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Rare Central Coast snail making big comeback from near extinction

U.S. Fish And Wildlife Service
The Morro Shoulderband snail was facing extinction largely due to loss of habitat, but decades of conservation efforts have led to it being reclassified from endangered to threatened.

Conservation efforts have lead to the snail being downgraded from endangered, to threatened status by the federal government.

It’s big news about a very tiny, and extremely rare Central Coast resident. A species of snail, only found in a small area of San Luis Obispo County, has reached a major milestone in efforts to save it from extinction.

"The Morro Shoulderband snail is a little smaller than the brown garden snail, smaller than a quarter, and they have chestnut covered shells that can be thin," said Cat Darst, who's an Assistant Field Supervisor with the Ventura office of the U.S. Fish and Wildlife Service.

She says the tiny snail is only found around Morro Bay, and Los Osos.

"The Morro Shoulderband sail has a really narrow distribution," said Darst. "It's in coastal dune and scrub communities in Western San Luis Obispo County."

In the 1990's, the snails were added to the endangered species list. The main issue was the loss of their habitat to development.

As biologists studied the snails, they discovered their uniqueness.

While the snails might not seem like a big deal, they are an important part of the region’s habitat. They eat decaying plants, and provide food for everything from birds and reptiles to mammals.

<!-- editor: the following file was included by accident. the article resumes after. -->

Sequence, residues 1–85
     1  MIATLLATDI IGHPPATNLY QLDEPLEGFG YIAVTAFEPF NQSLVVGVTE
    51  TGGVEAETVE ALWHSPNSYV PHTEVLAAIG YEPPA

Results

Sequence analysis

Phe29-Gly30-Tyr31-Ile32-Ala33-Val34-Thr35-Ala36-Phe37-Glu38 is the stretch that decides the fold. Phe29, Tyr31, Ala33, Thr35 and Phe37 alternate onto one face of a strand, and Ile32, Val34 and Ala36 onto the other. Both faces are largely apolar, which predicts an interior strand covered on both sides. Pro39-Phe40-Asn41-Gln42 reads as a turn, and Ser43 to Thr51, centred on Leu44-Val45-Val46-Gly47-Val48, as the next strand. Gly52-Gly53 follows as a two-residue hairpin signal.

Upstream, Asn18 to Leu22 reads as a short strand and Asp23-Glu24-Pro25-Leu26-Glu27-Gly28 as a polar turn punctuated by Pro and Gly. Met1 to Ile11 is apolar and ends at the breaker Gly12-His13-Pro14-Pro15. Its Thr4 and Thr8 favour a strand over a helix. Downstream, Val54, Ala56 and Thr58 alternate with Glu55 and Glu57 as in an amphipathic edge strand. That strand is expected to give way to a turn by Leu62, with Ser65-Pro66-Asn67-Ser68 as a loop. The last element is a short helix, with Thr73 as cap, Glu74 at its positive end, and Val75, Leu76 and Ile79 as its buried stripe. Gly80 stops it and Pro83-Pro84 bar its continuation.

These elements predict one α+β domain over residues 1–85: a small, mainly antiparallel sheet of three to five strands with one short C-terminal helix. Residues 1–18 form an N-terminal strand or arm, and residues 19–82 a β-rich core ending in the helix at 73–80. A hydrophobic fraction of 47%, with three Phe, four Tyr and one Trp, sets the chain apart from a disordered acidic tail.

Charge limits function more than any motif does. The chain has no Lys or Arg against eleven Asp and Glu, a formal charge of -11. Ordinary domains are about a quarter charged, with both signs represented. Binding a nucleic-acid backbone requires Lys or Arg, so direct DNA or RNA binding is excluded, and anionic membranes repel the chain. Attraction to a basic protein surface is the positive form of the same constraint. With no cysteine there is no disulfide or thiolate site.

Because of the way the Morro Shoulderband snails live, it’s unusual to see them in their habitat, unless you look in the right place at the right time. They only come out in wet weather, sealing themselves inside of their shells for months at a time when it's dry.

Like other snails, the Morro Shoulderbands share a very unique characteristic. They are both male and female, which means when two snails mate, they can both produce fertilized eggs.

Darst says a number of groups came together to fight to protect the tiny snails. The main focus was preserving and enhancing what was left of their habitat.

The snails were considered to be endangered under the federal Endangered Species Act, but recovery efforts since the 1990’s just moved them down a tier, to “threatened”. It means the U.S. Fish and Wildlife Service no longer considers them to be in danger of extinction.

Darst says while the population of the snails was considered to be down to a few hundreds in the 1990’s, it’s now back into the thousands.

Lance Orozco has been News Director of KCLU since 2001, providing award-winning coverage of some of the biggest news events in the region, including the Thomas and Woolsey brush fires, the deadly Montecito debris flow, the Borderline Bar and Grill attack, and Ronald Reagan's funeral.